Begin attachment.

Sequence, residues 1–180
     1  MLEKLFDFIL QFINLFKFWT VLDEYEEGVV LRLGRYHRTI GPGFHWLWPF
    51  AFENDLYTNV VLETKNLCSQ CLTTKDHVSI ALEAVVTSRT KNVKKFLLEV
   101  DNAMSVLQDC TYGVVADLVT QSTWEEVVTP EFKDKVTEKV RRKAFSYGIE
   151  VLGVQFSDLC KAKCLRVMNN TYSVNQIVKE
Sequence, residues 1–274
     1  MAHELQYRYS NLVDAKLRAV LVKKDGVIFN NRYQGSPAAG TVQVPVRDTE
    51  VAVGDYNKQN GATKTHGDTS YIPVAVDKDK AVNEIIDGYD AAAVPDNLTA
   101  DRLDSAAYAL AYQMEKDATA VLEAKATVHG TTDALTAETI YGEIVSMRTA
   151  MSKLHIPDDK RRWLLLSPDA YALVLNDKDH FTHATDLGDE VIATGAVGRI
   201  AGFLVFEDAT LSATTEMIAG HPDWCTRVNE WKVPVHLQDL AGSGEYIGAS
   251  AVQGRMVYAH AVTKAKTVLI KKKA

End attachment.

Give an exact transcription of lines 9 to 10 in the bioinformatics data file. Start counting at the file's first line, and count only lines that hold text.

   101  DRLDSAAYAL AYQMEKDATA VLEAKATVHG TTDALTAETI YGEIVSMRTA
   151  MSKLHIPDDK RRWLLLSPDA YALVLNDKDH FTHATDLGDE VIATGAVGRI